if [ -n “$UNTRACKED” ] ; then

#log “Untracked files were found”
UPDATES+=”$UNTRACKED_TEXT”

fi

#log “No Untracked files were found”

fi
#echo
#log “Testing for modified files”

modified=$(echo ${files} | grep $’\x000[rmdc ]{2}’)
#echo ‘modified=”‘$modified'”‘
if [ -n “$modified” ] ; then]

#log “modified files were found”
updates+=”$update_text”

else

modified=$(echo ${files} | grep ‘^[rmdc ]{2}’)
#echo ‘modified=”‘$modified'”‘
if [ -n “$modified” ] ; then

#log “modified files were found”
updates+=”$update_text”

fi

#log “No Modified files were found”

fi

UPDATE_OUTPUT=`echo -e ${TEXT_CODES_COLOUR_NOT_OK}`$UPDATES
OUTPUT=$BRANCH$UPDATE_OUTPUT
fi
echo $OUTPUT
}

I hope it is of use to some of you and if you have any problems you know where I am.

John/Grandad

Vimtip #1: start gvim from terminal and still use terminal

Resources Vim-tips

This tip will allow you to start gvim from the terminal and still use it after Gvim has opened.

Step 1:
Add the following to your ~/.bashrc or mac equivalent


function gvim {
/usr/bin/gvim -f $* > /dev/null 2> /dev/null & disown
}

Step 2:
Type gvim in your terminal and it will not hog it until you close gvim i.e

john@John-Tosh-Lin 10:31 ~
$ gvim
[1] 10381

john@John-Tosh-Lin 10:31 ~
$

As a bonus, if you start gvim in the directory that you are working in then NERDTree’s root will be the directory you are in. That in itself saves a lot of time 🙂
Tada!
Enjoy your newly reclaimed terminal people 🙂

Find string in Files

Web Development

Well tonight I was supposed to be pulling the new project to bits that I’m working on but I ran into a problem – let me explain.

Every time I have wanted to find some text in a directory I’ve had to either search the internet or my bash history for the right command. With this in mind I thought I may as well take a little time to create a function that would just search for the string that I want. After all while I’m learning the layout etc of this project I’m going to need it. Not knowing where all the files are as yet and what they all do it’s going to be a lot easier to run the function and see what files the string turns up in.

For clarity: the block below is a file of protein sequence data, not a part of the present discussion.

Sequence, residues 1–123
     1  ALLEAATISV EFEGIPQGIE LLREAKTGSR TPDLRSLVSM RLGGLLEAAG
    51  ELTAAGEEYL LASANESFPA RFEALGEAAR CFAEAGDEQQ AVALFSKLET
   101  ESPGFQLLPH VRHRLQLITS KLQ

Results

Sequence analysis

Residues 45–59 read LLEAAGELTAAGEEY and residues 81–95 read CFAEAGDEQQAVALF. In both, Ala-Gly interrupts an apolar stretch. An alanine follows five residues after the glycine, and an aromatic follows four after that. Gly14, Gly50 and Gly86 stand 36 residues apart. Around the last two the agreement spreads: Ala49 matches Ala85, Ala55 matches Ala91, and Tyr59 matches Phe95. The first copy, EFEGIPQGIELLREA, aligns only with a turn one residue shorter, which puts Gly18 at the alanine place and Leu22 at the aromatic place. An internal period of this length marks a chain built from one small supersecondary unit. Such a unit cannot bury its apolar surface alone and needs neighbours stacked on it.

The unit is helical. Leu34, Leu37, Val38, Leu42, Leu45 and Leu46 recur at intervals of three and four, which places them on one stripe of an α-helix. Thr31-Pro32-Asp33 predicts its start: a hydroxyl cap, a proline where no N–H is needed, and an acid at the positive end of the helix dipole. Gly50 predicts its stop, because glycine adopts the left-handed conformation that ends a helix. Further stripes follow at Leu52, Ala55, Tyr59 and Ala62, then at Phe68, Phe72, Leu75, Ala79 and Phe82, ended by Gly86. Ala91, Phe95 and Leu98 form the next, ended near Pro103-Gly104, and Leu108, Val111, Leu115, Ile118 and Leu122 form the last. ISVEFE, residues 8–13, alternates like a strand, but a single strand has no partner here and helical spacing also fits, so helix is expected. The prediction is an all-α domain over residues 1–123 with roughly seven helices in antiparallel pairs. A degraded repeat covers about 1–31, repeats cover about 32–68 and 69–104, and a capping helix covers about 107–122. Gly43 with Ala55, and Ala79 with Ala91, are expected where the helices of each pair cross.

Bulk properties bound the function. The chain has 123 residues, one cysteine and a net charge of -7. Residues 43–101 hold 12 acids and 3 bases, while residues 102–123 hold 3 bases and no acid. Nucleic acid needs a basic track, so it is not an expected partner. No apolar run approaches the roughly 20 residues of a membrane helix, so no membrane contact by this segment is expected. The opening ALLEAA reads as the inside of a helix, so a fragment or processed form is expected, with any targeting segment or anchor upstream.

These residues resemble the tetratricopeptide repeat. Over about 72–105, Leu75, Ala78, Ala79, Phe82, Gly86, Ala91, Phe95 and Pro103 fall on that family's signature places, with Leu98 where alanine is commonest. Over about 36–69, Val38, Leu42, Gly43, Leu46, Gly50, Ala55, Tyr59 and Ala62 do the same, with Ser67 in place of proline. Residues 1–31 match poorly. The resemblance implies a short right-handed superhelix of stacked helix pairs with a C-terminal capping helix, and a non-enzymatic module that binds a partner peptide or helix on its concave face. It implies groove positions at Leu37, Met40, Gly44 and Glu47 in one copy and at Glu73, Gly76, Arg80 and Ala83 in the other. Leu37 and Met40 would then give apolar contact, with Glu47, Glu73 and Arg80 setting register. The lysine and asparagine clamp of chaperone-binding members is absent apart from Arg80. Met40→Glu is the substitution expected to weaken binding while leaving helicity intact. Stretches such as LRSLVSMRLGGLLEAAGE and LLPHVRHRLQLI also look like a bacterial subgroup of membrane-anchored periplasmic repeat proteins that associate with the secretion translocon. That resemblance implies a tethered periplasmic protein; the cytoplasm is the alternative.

The function to put in your ~/.bashrc or similar file

function find-string() {

# re-iterate what we're looking for
echo 'looking for "'$1'"'

# perform a search on all files
find ./ -xdev -type f -print0 | \

# process each file through the grep,
# --colour=always = always show the coloured version
# --ignore-case = search is not case-sesitive
# --line-number = show the line numbers after the filename
# --context=1 = this will print 1 line both above and below the line where the string occurs
# "${1}" = finally search for the passed variable
xargs -0 grep --colour=always --ignore-case --line-number --context=1 "${1}" | \

# replace each tab with 2 spaces to cut down on the amount of indentation in
# the search results from files with large areas of indentation
sed -re 's/\t/ /g'

}

And to get it up and running just run

source ~/.bashrc
to enable your system to see the function and then when you want to use it you can simply enter something like:
find-string viewer-thumbnails-wrapper
find-string being the function and in this case we are searching for file containing viewer-thumbnails-wrapper which will bring results like these:
Looking for "viewer-thumbnails-wrapper"
./css/viewer.css-418-/* Thumbnails */
./css/viewer.css:419:.viewer-thumbnails-wrapper{
./css/viewer.css-420- background: #FFF;
--
./js/mediagallery.js-61- min_thumbs: 5,
./js/mediagallery.js:62: thumbwrapper: 'div.viewer-thumbnails-wrapper',
./js/mediagallery.js-63- btn_thumbs_show: 'a.viewer-thumbs',

Ok, that’s it, if you can make use of the this function then go ahead and copy and paste.”
Enjoy!

if there’s any help I can offer then let me know in the comments section below.